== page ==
7 Christmas Mini Activities & Tot Trays

7 Christmas Tot Trays and Activities

 

Christmas is trickling away, and its almost time for me to change over our kitchen set up ready for our new unit, but first I wanted to show you our small collection of busy boxes, mini activities and tot trays that we returned to over and over.

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These were ready in a drawer to pull out whenever we needed to fill 10 minutes or so in situations where Squirrel just wasn’t inspired to play independently, where i could guide him through it a few times and then let him putter at it nearby while I did whatever I had to do.

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I wasn’t particularly organised this month, and its been a difficult one with my health taking a rather unpleasant turn for the worst, and with my whole being getting used to a new state of Sarah, so calling upon these between our bigger activities was fantastic, even though all of them were pretty much done on the fly!

Cookie Cutter Transferring & Sequencing

I love these sets of cookie cutters that come in a pack of size variations, all packed within each other. I love these vintage drop bauble shapes that I picked up a while back (I have a bit of a christmas cookie cutter ‘problem’; they’re my precious…Ahem) and I thought they would go down a treat with Squirrel as hes taken some interest in sequences and size ordering – boy was I right!

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Naturally, the glass pebbles were initially the most exciting, and he enjoyed making different transfer patterns, first some into this shape, then from that shape into the next size down, etc.

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He discovered they fitted together, and spent time playing at finding the right order.

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You can see through them, and hold them together inside each other! Maaaan!

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Colour In Nativity Play Dough

I’ve written another post on festive play dough activities but I decided to pop this one over here, as there was a process of creation involved. These lovely illustrations were downloaded and printed from a pack from Twinkl¬†and we all loved them.

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We had a few days on and off with colouring when we had a chance to, given that Squirrel isn’t really a colouring kinda guy.

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Both Squirrels daddy and I joined in too! A family nativity!

When it was all finished, I laminated them and cut them out. Bish bash bosh, we have very simple but very customised playdough nativity! Just add stable-likely animals- don’t forget the donkey!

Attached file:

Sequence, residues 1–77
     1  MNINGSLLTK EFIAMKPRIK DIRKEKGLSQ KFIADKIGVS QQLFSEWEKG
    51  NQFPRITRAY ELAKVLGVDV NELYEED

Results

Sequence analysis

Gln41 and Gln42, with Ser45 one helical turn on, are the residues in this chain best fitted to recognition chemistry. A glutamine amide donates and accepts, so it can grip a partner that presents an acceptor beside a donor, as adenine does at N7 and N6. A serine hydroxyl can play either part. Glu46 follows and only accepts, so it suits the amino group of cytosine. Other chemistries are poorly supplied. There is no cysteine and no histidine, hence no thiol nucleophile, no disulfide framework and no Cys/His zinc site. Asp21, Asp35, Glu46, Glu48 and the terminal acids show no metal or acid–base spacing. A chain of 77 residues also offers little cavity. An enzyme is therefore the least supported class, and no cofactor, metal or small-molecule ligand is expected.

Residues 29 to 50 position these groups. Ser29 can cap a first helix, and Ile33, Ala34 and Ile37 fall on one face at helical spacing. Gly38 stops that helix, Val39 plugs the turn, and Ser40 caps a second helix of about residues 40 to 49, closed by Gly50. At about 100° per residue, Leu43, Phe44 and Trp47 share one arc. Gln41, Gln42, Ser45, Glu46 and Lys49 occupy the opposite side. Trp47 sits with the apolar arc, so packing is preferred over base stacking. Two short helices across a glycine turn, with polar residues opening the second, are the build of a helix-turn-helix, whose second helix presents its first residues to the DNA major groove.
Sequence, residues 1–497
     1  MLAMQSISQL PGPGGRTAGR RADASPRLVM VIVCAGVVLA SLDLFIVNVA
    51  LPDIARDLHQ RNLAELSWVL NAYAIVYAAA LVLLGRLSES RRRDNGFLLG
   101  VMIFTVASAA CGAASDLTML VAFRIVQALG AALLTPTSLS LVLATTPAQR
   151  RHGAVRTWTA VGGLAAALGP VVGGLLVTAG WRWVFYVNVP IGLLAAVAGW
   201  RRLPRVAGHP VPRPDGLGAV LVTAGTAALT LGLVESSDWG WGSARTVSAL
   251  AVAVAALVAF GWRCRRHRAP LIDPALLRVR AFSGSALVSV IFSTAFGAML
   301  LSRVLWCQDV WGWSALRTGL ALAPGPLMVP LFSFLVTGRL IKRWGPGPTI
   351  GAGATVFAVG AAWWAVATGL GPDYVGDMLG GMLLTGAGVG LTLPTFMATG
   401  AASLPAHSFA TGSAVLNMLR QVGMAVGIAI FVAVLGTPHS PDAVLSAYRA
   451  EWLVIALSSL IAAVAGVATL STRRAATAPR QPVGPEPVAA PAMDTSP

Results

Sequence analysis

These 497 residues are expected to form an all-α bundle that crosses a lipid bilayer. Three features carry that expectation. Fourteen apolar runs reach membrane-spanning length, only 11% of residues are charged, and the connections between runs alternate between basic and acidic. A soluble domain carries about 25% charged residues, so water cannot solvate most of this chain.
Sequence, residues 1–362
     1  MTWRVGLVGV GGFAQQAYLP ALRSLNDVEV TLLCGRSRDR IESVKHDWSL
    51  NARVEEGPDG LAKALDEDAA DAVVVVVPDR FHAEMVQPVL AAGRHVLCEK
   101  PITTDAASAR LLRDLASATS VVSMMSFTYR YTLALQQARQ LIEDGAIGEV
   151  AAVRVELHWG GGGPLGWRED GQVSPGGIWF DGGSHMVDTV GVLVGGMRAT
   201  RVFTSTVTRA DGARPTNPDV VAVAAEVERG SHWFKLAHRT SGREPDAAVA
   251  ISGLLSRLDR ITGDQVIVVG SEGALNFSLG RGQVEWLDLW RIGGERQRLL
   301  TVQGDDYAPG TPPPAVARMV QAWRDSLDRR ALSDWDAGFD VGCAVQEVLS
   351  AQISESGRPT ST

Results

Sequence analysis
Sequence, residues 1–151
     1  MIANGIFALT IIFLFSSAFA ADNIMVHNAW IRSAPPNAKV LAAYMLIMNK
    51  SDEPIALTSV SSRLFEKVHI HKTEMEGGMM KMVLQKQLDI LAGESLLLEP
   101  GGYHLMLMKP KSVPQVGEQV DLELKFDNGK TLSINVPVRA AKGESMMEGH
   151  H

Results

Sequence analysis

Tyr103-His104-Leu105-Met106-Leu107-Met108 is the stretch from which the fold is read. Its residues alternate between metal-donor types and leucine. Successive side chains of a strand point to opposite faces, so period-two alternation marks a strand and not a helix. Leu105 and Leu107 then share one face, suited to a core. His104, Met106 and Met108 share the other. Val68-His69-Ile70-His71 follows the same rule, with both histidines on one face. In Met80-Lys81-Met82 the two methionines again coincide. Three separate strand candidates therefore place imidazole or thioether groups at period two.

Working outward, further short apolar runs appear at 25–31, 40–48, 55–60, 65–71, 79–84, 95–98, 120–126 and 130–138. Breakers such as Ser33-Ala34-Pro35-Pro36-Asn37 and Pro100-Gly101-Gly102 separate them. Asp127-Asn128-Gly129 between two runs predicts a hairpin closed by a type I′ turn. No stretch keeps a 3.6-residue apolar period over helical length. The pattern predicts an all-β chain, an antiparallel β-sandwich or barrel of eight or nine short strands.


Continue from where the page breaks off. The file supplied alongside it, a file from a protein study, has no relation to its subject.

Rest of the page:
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We loved revising over the different names- Jesus, Mary, Joseph, shepherds, wise men and stable as we played, going back to our nativity books and reading it through again.

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They never got put away- instead they live on our kitchen wall where they are blutac’d and can be moved around, played with and recognised.

 

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“Pop-’em-in”s

Pop-em-ins is my term for micro-transferring, which, once again, is my term for basically using small counters and assorted pockets or containers. We’re using pincer grips and practicing some serious dexterity and fine motor here! I used a kraft card envelope, a little organza bag and a Christmas mitten decoration among other cute little seasonal nooks and pockets.

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Wrapping Paper & Counters

Wrapping paper scraps are perfect for all sorts of visual tracking activities, and for playing with counters. I used coloured pegs, glow in the dark stars, glass pebbles and mini pegs for a lot of these activities- and they were great tools for wrapping paper activities.

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For big, more physically extending activities, I taped the sheets of paper to the floor, and gave him demonstrations of matching up stars to the big snowflakes, and coloured pegs to the coloured mittens on the other paper.

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It was deeply interesting playing this with Squirrel, as he formed his own logic behind very particular placements on the paper. Between swishing off all the counters and collecting them back up again, of course.

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I cut a small scrap and laminated it- perfect for the high chair!

 

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On the reverse side it was free from patterns, but it did have faint lines, and that was enough for a while new game using the counters- recognising and creating lines!

Pom Pom Bauble Colour Match

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These baubles were a very simple colouring page print out that was in a pack of colouring sheets from Twinkl, and quite accidentally, this pom pom colour match became a game, so I laminated that too!